The election of Donald Trump represents one of a series of dramatic political uprisings that together signal a collapse of neoliberal hegemony. These uprisings include the Brexit vote in the United Kingdom, the rejection of the Renzi reforms in Italy, the Bernie Sanders campaign for the Democratic Party nomination in the United States, and rising support for the National Front in France, among others. Although they differ in ideology and goals, these electoral mutinies share a common target: all are rejections of corporate globalization, neoliberalism, and the political establishments that have promoted them. In every case, voters are saying “No!” to the lethal combination of austerity, free trade, predatory debt, and precarious, ill-paid work that characterize financialized capitalism today. Their votes are a response to the structural crisis of this form of capitalism, which first came into full view with the near meltdown of the global financial order in 2008.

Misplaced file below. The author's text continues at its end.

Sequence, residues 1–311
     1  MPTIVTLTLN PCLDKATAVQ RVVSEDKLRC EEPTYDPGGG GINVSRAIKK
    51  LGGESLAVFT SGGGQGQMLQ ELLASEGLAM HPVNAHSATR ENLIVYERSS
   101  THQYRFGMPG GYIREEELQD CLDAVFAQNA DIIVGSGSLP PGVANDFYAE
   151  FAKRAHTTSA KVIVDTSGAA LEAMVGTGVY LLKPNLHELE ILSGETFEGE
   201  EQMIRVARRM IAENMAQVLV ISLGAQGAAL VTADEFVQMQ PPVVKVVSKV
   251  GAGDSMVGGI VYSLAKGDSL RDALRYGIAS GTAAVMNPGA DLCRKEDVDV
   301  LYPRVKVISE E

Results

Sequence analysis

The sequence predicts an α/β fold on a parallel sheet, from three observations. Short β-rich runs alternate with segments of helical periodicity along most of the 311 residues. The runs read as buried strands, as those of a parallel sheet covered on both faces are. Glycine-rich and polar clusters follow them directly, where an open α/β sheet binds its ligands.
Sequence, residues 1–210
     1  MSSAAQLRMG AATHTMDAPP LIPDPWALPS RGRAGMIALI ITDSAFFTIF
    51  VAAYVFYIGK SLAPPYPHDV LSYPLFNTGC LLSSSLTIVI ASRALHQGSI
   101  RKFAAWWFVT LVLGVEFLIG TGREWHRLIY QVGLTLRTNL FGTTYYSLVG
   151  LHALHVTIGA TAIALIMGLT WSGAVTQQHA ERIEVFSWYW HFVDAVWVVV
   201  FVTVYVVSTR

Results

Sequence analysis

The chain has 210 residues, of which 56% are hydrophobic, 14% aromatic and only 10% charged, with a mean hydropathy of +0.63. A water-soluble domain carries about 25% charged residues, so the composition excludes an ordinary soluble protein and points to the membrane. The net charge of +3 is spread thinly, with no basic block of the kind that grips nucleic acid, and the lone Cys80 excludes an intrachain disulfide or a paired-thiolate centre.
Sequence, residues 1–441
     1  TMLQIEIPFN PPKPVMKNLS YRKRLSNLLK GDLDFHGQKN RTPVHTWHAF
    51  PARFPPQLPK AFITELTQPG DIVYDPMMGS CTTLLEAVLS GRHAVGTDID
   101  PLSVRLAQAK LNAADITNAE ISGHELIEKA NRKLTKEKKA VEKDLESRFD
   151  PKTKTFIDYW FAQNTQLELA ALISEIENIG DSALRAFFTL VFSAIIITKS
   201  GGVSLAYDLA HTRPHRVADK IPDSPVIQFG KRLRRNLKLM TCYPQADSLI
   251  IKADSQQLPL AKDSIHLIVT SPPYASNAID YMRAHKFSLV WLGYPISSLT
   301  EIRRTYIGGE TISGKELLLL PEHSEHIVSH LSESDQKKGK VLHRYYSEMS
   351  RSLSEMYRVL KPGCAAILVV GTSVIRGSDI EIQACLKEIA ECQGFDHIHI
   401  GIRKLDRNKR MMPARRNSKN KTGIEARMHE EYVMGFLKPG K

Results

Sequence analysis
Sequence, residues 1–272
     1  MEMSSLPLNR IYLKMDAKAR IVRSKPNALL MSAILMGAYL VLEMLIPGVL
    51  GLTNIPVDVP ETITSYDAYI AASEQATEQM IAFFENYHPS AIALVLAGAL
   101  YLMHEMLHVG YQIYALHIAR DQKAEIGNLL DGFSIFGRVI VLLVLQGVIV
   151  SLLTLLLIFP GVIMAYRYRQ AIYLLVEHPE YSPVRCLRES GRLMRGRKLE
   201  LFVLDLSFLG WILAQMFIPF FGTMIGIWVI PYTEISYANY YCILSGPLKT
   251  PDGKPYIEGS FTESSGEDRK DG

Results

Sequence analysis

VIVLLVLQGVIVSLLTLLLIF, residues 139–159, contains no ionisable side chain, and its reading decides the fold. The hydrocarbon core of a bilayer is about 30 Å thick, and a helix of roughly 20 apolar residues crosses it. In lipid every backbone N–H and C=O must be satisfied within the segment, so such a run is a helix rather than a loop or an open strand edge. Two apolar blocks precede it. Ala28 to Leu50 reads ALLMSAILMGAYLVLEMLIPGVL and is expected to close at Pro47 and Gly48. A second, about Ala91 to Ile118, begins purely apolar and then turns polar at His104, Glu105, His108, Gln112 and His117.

Until recently, however, the chief response to the crisis was social protest—dramatic and lively, to be sure, but largely ephemeral. Political systems, by contrast, seemed relatively immune, still controlled by party functionaries and establishment elites, at least in powerful capitalist states like the United States, the United Kingdom, and Germany. Now, however, electoral shockwaves reverberate throughout the world, including in the citadels of global finance. Those who voted for Trump, like those who voted for Brexit and against the Italian reforms, have risen up against their political masters. Thumbing their noses at party establishments, they have repudiated the system that has eroded their living conditions for the last thirty years. The surprise is not that they have done so, but that it took them so long.